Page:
Victimization and substance use among adolescents in residential child care

Sergio Fernández-Artamendi, Alba Águila-Otero, Jorge F. Del Valle, Amaia Bravo - Child Abuse & Neglect



Adolescents in Residential Child Care (RCC) report high levels of victimization. This has been linked to mental health problems and a higher risk of substance use and substance use problems. The present study aimed to evaluate the specific impact of different forms of victimization on alcohol and cannabis use problems among adolescents in RCC, attending to sex differences.


321 adolescents from 38 residential therapeutic care facilities in Spain participated in the study. Thirty-six different forms of victimization were evaluated, as well as alcohol and cannabis use problems. Impact of polyvictimization and specific forms of victimization on alcohol and cannabis use problems and disorders were calculated using Analysis of Variance (ANOVA) and logistic regression models.


Girls in RCC reported significantly more experiences of victimization. Polyvictimization was associated with alcohol use problems but not cannabis use problems. Property, domestic and community victimization showed the highest predictive role regarding alcohol and cannabis use disorders, with significant interactions with sex and migrant family background.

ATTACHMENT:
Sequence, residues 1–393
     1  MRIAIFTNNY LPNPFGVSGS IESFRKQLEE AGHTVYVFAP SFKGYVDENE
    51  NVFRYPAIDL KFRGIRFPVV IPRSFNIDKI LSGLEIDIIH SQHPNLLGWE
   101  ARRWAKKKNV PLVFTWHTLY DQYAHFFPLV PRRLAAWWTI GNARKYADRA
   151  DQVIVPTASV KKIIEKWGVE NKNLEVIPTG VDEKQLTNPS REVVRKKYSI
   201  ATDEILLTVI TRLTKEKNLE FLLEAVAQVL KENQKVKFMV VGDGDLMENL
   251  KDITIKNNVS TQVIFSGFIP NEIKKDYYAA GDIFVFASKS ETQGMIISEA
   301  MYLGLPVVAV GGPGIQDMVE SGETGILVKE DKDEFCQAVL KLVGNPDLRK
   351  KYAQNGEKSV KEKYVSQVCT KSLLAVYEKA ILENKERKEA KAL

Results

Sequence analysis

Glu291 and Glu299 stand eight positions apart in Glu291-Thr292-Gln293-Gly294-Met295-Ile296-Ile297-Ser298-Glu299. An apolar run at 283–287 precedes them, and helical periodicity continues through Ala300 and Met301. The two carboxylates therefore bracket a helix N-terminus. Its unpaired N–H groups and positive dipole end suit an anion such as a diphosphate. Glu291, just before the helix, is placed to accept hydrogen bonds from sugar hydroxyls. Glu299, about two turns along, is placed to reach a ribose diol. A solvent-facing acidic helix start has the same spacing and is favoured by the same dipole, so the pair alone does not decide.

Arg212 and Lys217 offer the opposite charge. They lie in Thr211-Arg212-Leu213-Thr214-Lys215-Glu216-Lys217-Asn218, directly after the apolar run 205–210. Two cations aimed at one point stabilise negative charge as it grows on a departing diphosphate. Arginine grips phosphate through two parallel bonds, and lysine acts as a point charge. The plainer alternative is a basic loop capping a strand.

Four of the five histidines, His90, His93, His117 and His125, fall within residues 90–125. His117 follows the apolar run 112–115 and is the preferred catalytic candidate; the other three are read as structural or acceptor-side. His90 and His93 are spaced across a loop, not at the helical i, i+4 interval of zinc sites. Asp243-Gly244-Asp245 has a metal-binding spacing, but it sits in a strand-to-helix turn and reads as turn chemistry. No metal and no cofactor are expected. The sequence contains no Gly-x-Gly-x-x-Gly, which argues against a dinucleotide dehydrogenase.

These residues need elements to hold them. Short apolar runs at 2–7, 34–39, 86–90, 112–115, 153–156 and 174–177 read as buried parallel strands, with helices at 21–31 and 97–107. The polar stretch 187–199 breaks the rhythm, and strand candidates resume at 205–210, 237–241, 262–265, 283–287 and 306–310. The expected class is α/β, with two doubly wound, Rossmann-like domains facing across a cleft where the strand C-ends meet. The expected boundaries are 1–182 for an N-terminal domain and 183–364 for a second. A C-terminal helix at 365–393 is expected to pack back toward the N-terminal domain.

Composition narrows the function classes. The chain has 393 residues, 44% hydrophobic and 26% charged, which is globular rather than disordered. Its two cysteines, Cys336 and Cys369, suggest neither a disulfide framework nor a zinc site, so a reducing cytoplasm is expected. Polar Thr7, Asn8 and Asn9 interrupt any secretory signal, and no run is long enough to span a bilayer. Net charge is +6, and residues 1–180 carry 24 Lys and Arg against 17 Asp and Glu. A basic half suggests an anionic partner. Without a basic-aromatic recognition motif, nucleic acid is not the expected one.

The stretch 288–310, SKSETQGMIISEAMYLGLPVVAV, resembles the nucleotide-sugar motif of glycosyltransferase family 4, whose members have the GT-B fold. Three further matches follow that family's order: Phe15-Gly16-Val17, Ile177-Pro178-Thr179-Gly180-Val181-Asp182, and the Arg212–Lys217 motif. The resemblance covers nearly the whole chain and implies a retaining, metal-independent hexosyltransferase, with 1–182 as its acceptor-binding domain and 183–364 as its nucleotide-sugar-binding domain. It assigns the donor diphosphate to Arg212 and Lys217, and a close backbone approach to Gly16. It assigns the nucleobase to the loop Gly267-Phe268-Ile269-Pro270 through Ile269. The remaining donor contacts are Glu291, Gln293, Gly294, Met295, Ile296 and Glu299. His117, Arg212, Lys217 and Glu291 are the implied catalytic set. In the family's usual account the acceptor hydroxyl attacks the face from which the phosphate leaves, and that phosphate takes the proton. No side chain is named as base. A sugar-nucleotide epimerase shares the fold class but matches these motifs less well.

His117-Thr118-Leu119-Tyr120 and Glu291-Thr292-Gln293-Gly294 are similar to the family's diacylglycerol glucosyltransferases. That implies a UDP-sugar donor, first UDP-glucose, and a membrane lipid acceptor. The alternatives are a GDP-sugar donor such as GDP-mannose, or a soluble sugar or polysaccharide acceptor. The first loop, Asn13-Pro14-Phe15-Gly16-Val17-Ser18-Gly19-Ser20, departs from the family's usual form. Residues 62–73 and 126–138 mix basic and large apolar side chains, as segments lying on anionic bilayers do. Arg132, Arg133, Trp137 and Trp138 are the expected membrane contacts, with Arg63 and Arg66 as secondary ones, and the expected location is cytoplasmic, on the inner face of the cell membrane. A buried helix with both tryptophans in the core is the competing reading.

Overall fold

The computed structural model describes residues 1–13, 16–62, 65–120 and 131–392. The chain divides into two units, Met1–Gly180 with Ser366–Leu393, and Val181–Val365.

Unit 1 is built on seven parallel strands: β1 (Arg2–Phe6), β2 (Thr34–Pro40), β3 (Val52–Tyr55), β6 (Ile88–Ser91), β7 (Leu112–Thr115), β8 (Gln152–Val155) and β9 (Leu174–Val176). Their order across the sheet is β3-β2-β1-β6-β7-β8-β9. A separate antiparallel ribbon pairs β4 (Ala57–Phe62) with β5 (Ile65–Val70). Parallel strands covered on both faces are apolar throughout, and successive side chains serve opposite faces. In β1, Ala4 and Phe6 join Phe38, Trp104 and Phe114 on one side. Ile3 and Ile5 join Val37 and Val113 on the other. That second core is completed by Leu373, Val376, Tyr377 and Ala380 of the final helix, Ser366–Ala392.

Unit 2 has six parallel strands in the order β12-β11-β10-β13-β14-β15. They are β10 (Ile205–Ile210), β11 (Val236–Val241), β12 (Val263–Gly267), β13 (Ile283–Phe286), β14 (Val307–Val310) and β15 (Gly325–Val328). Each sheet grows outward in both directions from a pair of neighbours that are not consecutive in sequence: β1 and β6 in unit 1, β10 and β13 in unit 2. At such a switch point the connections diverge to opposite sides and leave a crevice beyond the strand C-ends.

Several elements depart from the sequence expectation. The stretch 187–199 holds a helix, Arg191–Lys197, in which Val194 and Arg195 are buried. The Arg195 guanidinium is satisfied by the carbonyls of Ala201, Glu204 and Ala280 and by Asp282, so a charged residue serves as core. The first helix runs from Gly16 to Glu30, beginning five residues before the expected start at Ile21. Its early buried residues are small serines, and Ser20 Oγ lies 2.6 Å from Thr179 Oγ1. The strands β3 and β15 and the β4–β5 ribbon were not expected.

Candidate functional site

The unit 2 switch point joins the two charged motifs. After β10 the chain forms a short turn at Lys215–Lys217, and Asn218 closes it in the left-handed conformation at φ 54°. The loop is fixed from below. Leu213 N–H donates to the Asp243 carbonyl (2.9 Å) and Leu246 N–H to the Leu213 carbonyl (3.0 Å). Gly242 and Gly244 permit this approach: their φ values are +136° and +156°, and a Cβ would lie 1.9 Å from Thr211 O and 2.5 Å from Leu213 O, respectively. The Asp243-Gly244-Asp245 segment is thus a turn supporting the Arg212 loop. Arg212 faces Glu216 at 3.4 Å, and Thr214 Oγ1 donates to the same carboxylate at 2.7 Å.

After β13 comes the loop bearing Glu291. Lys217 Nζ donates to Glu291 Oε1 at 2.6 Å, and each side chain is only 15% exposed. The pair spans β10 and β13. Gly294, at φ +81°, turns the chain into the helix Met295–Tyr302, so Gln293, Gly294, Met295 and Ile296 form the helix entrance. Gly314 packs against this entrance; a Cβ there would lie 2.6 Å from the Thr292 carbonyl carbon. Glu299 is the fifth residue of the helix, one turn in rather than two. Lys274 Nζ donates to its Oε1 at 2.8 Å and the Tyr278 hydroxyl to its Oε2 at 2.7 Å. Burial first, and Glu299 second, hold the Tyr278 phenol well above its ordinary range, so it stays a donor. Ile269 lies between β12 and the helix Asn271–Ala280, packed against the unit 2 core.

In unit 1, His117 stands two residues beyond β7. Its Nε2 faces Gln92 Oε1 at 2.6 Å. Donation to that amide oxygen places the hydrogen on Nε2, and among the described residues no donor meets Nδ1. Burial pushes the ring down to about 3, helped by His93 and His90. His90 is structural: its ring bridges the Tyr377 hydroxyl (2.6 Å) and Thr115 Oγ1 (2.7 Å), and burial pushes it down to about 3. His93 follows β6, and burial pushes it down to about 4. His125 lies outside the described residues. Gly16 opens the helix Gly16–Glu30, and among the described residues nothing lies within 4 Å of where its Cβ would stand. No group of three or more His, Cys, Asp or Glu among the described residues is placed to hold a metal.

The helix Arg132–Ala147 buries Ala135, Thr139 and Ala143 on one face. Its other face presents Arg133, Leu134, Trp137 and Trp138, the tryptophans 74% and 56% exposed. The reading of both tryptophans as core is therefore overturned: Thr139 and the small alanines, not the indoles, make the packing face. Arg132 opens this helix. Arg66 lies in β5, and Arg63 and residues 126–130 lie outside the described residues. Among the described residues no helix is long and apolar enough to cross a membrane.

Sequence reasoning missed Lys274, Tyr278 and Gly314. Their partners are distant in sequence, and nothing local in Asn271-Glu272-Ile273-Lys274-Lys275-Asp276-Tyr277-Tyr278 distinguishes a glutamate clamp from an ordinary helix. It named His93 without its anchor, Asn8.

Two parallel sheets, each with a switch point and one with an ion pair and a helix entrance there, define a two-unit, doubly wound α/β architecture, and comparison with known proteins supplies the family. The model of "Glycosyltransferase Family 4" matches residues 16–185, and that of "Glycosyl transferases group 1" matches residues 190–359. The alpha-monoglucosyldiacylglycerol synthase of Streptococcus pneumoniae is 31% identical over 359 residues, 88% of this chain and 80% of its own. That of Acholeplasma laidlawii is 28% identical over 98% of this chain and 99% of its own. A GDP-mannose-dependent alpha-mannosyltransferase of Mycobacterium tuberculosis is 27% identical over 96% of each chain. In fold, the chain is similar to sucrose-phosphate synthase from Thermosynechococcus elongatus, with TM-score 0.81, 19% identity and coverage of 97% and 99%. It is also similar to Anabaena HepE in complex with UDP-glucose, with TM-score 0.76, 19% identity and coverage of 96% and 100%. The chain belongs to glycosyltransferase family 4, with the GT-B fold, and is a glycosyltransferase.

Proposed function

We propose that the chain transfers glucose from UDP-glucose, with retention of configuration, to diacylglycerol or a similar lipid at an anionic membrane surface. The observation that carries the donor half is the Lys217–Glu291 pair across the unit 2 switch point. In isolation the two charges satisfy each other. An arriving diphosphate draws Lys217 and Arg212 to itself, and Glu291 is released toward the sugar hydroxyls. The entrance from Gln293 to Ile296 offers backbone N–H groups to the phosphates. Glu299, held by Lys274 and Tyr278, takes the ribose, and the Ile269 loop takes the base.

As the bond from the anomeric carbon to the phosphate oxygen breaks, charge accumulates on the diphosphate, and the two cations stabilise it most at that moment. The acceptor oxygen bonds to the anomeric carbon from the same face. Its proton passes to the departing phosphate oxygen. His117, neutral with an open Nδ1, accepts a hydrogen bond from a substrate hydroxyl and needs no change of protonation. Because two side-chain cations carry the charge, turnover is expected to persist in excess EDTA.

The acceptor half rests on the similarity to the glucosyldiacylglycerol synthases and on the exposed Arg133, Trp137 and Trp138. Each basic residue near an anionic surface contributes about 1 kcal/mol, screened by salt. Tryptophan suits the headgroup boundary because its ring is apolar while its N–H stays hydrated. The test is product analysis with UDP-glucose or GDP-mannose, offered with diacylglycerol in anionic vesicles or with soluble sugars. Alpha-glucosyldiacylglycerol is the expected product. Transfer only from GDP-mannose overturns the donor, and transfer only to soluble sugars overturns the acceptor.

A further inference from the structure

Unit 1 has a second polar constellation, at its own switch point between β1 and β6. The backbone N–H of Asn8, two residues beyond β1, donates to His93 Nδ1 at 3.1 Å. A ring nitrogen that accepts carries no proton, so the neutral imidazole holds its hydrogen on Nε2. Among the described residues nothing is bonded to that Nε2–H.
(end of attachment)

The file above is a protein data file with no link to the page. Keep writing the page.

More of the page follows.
Adolescents in RCC reported considerably high levels of victimization and alcohol and cannabis use problems. In this population, property victimization, as well as indirect domestic and community victimization were predictors of further substance use problems, with girls being particularly sensitive to victimization. Migrant family backgrounds can also have an influence on the impact of some victimization forms on substance use. Victimization associated to high-risk environments and families could contribute to explain the high levels of substance use problems in this population.